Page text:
Originally posted by jimmiec
reply to post by InhaleExhale
Awsome! I have been wondering if it would be a good idea to teach our children at a young age what that feeling of helping others is. Once they feel
it they might crave it. There are certainly worse addictions. How do you think we could go about doing that in our public schools without them feeling
forced into helping others? If they feel forced into it i doubt it would take hold. Ideas?
It's funny because we are constantly doing fundraisers at our school--for the school. Every once in a while there is a canned food drive, but let's
be serious, people are only bringing in things that no one wants to eat or is nearly expired in their pantries. You are so right, empathy for others
SHOULD be taught in the schools in a bigger way.
I'll tell you what we do with our kids. My husband and I, for the past 6 years or so, make Thanksgiving plates. We make about 5 or 6, large plates,
with all of the sides, a plate of desserts, and put them in a bag with salt & pepper, napkins, bottled water and juice boxes, and the kids write a
letter or draw a picture for each one. After we have dinner and after it has gotten dark, we drive to downtown Denver and hand them out to the
homeless. Last year, we brought used sleeping bags, coats (men & womens), new thick mens socks, and a $5 gift card for McDonalds, so they can go in
and at least have a $1 sandwich or 5 trips in for coffee to get warm, something for after the food is gone. Our kids ALWAYS come with us. They hand
them the food, we talk to them for a little while, and we go on our way. You would be amazed at how thin the line is between homeless and not. Some
people just have bad luck in a bad economy. I have never met a "crazy" homeless person or a dangerous one. People always think we're nuts or even
bad parents for bringing our kids out to the streets to do this, but we always judge the safety as best we can, and nothing bad has ever happened. In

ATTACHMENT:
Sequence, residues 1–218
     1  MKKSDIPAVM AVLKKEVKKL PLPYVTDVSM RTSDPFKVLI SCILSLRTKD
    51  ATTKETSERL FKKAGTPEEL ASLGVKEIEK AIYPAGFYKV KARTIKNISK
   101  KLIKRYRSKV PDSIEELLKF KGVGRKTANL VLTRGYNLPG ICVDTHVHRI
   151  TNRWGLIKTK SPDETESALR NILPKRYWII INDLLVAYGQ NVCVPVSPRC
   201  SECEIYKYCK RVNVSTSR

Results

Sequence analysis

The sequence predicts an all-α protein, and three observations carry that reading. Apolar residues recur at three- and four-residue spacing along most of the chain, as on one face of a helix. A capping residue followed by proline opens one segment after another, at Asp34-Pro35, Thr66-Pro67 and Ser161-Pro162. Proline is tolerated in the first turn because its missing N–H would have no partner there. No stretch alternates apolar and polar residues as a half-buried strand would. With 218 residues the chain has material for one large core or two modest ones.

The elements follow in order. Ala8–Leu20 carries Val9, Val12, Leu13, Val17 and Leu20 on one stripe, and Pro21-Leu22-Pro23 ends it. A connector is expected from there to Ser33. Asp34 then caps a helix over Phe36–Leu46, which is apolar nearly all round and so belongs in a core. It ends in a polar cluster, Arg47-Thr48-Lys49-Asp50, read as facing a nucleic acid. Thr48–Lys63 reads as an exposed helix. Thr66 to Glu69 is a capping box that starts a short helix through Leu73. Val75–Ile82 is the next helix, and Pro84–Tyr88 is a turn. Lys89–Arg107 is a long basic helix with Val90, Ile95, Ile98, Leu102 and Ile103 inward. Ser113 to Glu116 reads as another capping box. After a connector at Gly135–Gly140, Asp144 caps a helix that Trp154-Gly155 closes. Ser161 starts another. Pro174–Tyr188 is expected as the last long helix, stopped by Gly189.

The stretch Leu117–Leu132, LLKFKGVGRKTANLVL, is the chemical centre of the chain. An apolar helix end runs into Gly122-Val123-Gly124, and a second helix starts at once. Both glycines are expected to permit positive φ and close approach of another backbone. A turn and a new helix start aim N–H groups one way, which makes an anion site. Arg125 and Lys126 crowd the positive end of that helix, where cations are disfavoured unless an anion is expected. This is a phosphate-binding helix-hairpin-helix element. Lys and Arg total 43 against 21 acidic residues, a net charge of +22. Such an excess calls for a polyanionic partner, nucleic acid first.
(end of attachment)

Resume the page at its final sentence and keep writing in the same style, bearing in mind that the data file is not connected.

fact... want a nice story?
When we went last year, we ran out of plates quickly. Usually, we were hard-pressed to find people to give the food to. Last year, we didn't have
enough plates, so we ran down to the McDonald's and got a couple of gift cards for these two men, because we felt bad that they saw us handing out
food and didn't have anything for them. They were very grateful and talked with us and the kids and when we got back with the gift cards, they
couldn't believe we actually showed up. The one guy had two McDonald's coupon for a free happy meal and gave them to our kids. I insisted he
didn't, but he insisted. He wanted to make sure that when our kids had those happy meals, they would remember him. He said that McDonald's
wouldn't let him redeem them anyway, because he wasn't a child, even though he was homeless. Anyway, he wanted the kids to remember him and to
remember that there is good everywhere, you just have to look for it, just as we had showed him kindness that night. We gave him the cards and his
brother a coat and he a sleeping bag. When we got back to our car, I cried at how good it made us feel and how much good WE saw that night in OTHERS.
Our children are raised to understand that the life we have NOW is good, but we work hard for it and sometimes even if you work hard for it, you can
lose it in the blink of an eye. We don't turn our heads and look away from plight, rather we see it, do what we can for it, and appreciate that we
aren't in that situation NOW, but anything could happen, you just never know.
Sadly, Denver passed a law that basically makes it illegal to be homeless, because sleeping on the streets is considered overnight camping. Because
of this, we aren't able to do the thanksgiving plates as much, simply because the homeless have been sent packing. I did see a couple in a bus stop
enclosure yesterday, and that was a first in a while. I'm not down there enough, but since they law came into effect, it definitely has cleared out
the homeless population and made helping them harder.